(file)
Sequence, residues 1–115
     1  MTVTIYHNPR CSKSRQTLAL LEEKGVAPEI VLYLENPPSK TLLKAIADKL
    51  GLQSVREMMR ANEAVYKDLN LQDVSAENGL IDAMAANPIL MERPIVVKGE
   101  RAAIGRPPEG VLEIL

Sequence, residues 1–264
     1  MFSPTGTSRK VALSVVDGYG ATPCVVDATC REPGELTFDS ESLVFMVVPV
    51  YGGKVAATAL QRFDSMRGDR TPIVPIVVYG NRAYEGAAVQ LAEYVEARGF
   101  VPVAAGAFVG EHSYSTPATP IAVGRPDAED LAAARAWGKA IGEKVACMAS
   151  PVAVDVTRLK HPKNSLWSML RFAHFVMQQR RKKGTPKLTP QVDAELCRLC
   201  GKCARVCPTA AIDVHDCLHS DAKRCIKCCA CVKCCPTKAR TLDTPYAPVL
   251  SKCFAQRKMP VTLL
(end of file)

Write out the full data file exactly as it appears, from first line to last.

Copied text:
Sequence, residues 1–115
     1  MTVTIYHNPR CSKSRQTLAL LEEKGVAPEI VLYLENPPSK TLLKAIADKL
    51  GLQSVREMMR ANEAVYKDLN LQDVSAENGL IDAMAANPIL MERPIVVKGE
   101  RAAIGRPPEG VLEIL

Sequence, residues 1–264
     1  MFSPTGTSRK VALSVVDGYG ATPCVVDATC REPGELTFDS ESLVFMVVPV
    51  YGGKVAATAL QRFDSMRGDR TPIVPIVVYG NRAYEGAAVQ LAEYVEARGF
   101  VPVAAGAFVG EHSYSTPATP IAVGRPDAED LAAARAWGKA IGEKVACMAS
   151  PVAVDVTRLK HPKNSLWSML RFAHFVMQQR RKKGTPKLTP QVDAELCRLC
   201  GKCARVCPTA AIDVHDCLHS DAKRCIKCCA CVKCCPTKAR TLDTPYAPVL
   251  SKCFAQRKMP VTLL